The center's Phase 1 Clinic Trials program was established 15 years ago. It supports and streamlines the initial in-human testing required to advance new cancer treatments.
“We see the benefits of this work in patients who respond to therapy,” says John Thompson, MD, who leads the highly successful program. “We’ve also been part of the earliest phase 1 studies of revolutionary new therapies, such as immune checkpoint inhibitors, which are now a new standard of care.”
New cancer treatments come from a variety of sources. Many emerge out of basic research investigating disease processes, cellular mechanisms and how cells interact. Fred Hutch is a leader in translational research, but pharmaceutical companies and other institutions also bring new agents forward. Sometimes, new treatments involve different drug regimens or combinations of existing drugs.
Clinical trials typically have a sponsor, such as a pharmaceutical company, to champion the process and secure FDA approval. The phases of clinical trial development include:
Preclinical development occurs before the initiation of human clinical trials. It involves lab experiments and animal studies to give preliminary information on efficacy and safety.
Phase 1 trials are the first in-human tests of new agents. Participants typically include eligible patients who do not respond to available therapies or have a type of cancer that doesn’t have an accepted therapy.
“Preclinical tests give us an idea of how the agent works,” says Dr. Thompson. “But often, we don’t know how the agent will work or behave in a patient.”
Groups of patients receive increasing doses of the test drug, starting with the lowest amount. The researchers assess the drug’s:
By systematically raising the dose, the researchers identify the highest level that is safe to give. This is also called the recommended phase 2 dose (RP2D).
Phase 2 trials test how well a new agent works. All patients typically receive the same dose, though some trials use different dosing levels or regimens. Measured patient outcomes may include:
“We frequently combine phase 1 and 2 trials,” says Dr. Thompson. “Operationally, a phase 1/2 trial makes sense, since the research team is familiar with the drug, the side effects and how to manage the drug in patients.”
Phase 3 trials compare the new agent to the standard of care. These trials randomly assign participants to treatment groups. Test therapies that outperform standard treatments typically become FDA approved and the new standard of care.
Phase 1 trials require a large team of experts, including physician investigators who specialize in specific disease groups. Each trial may include multiple investigators with different areas of expertise.
Along with physician investigators, research coordinators, data coordinators and nurses also manage clinical aspects of the trial and ensure accurate data collection. The team also includes regulatory affairs staff and financial coordinators.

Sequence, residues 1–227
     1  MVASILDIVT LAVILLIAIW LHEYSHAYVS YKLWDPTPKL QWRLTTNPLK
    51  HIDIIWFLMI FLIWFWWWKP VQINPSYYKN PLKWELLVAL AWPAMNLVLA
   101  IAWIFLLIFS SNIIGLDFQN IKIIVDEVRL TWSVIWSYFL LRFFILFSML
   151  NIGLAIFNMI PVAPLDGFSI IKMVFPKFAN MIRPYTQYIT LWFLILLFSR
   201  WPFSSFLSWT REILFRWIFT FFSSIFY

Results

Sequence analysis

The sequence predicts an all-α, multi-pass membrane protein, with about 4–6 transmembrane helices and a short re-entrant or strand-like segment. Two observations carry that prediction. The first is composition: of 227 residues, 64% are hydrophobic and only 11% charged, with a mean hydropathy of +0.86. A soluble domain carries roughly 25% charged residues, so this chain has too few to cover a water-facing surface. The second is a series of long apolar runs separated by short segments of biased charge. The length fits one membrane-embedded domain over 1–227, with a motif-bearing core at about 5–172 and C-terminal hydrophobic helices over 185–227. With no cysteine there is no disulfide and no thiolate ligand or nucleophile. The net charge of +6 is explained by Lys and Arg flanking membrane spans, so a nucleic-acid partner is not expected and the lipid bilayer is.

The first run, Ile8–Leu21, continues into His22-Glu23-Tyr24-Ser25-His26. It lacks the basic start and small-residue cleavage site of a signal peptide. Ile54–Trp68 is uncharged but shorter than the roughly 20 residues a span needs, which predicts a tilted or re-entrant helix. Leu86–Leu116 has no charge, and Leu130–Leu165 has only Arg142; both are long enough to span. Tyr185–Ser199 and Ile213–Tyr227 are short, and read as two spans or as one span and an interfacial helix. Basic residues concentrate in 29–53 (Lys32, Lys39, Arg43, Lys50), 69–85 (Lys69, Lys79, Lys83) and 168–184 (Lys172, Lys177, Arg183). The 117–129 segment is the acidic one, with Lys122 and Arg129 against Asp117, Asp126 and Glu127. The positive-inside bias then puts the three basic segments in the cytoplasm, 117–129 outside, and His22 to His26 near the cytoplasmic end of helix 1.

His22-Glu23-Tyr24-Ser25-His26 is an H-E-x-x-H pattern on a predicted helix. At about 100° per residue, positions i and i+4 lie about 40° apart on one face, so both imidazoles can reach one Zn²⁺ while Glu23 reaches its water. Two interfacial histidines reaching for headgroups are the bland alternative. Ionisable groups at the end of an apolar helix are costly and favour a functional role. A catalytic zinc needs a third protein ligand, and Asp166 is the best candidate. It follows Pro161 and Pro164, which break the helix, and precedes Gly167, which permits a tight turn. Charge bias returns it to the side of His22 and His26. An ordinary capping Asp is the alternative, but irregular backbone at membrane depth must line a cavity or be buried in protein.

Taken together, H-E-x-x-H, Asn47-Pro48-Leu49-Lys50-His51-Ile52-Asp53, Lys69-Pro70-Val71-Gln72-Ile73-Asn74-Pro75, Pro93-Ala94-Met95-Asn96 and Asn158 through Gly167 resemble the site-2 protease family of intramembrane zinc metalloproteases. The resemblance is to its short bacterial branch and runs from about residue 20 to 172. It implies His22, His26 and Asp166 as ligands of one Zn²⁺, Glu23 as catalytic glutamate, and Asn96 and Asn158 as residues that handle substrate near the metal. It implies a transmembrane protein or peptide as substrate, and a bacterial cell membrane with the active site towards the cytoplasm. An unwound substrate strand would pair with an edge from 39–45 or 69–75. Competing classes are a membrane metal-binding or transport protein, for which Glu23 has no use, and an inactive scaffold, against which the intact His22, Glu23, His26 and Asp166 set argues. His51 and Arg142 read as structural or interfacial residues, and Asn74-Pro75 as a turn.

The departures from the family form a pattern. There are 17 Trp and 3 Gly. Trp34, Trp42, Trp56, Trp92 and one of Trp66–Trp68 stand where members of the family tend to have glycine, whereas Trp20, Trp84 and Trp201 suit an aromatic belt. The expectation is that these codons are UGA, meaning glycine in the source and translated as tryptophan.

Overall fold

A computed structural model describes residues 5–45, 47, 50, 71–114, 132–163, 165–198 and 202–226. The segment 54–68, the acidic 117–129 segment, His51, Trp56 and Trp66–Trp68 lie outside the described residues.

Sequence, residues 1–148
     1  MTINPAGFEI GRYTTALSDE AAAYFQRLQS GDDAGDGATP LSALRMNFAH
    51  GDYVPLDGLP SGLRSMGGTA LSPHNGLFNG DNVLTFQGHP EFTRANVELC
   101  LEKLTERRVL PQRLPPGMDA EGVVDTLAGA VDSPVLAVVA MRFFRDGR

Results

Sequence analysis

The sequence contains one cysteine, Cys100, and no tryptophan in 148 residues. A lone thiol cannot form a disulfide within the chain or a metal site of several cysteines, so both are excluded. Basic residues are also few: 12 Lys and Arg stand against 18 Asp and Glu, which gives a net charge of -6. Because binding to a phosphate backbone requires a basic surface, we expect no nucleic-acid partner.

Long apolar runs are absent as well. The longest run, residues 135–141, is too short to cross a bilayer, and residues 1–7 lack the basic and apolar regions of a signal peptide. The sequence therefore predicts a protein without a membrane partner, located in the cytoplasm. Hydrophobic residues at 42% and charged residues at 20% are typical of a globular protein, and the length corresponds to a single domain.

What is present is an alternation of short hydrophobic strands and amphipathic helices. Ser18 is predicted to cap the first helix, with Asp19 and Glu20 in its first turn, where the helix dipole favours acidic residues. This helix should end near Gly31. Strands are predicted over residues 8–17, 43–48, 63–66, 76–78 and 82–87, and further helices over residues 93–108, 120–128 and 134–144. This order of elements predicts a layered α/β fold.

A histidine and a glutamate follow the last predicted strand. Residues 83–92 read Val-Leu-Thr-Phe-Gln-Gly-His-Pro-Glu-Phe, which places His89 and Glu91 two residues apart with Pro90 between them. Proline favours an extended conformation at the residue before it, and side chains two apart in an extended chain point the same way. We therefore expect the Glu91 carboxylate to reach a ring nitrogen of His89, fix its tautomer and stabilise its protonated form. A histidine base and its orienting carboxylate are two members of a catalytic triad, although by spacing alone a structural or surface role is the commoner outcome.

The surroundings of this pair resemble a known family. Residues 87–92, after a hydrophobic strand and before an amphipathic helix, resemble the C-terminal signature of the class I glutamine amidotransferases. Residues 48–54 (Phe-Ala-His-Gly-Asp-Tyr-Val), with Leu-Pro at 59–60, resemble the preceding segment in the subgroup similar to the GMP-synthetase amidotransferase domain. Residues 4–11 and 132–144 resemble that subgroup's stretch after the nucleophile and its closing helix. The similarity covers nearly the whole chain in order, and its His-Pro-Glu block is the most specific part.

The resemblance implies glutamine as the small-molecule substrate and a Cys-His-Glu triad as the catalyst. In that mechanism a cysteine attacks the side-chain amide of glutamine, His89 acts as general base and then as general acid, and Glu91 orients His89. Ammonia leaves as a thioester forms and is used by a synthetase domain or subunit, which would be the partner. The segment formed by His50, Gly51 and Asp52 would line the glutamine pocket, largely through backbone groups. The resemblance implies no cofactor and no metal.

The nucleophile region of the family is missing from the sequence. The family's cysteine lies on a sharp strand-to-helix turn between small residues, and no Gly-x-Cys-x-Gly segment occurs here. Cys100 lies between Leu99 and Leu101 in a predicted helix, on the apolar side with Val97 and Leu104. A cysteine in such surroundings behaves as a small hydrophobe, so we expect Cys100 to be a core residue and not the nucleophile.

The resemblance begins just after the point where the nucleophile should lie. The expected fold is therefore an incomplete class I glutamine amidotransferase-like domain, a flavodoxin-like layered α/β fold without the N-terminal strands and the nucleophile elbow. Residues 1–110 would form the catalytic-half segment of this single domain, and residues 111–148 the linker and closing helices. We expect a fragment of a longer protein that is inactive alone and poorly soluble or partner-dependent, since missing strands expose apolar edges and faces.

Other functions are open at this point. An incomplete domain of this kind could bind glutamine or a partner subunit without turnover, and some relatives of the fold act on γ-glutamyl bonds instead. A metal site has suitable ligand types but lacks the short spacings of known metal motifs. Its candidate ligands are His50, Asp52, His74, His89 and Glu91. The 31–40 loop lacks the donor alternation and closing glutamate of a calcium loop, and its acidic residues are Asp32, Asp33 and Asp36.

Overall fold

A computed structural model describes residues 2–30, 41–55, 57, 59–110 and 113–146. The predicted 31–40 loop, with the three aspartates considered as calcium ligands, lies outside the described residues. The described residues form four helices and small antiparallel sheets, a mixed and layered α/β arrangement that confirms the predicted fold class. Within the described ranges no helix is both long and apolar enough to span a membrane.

Some important clinical aspects of phase 1 trials include:
Phase 1 trials may span multiple cancer types, since researchers may not fully know the best disease site for drug activity.
“Based on our understanding of the agent’s mechanism of action, we may be able to make an informed opinion about where the drug would be most successful,” says Dr. Thompson. “For targeted therapy and immunotherapy agents, molecular testing also helps us develop a more targeted approach.”
Some phase 1 studies may be open to all patients who have a particular gene mutation. That means eligibility may be based more on the molecular traits of a particular cancer than its location.
Participation in phase 1 trials is voluntary. Research coordinators and Phase 1 team physicians meet with patients to explain the trial and what to expect. If they are interested in participation, they sign an informed consent document. Next, patients undergo a detailed screening process to determine eligibility.
Administering test drugs and managing patients requires a high level of skill and coordination. Research coordinators work with nurses who are experts in administering phase 1 drugs to cancer patients.
After administration of the test drug, nurses perform pharmacokinetic tests, which involve drawing timed samples of blood or body fluids. Often, these samples must be processed quickly and precisely. The team also evaluates drug safety through physical evaluations and blood tests while providing ongoing monitoring for side effects.
Data coordinators collect and analyze results from the different dose levels and decide whether to recommend the RP2D for a phase 2 trial.
“Phase 1 trials often occur simultaneously at multiple institutions,” says Dr. Thompson. “We use paperless reporting forms and shared data systems to ensure consistent reporting.”
The availability of Phase 1 trials changes quickly. Program staff compile a list of current trials every other week broken down by disease type. Physicians interested in information about open trials can contact the program at email@example.com to sign up to receive this list via email.
Fred Hutch Phase 1 Program specialists work closely with patients and community oncologists. Dr. Thompson welcomes inquiries about the program. “Often we have more than one trial that might meet a patient’s needs,” he says.
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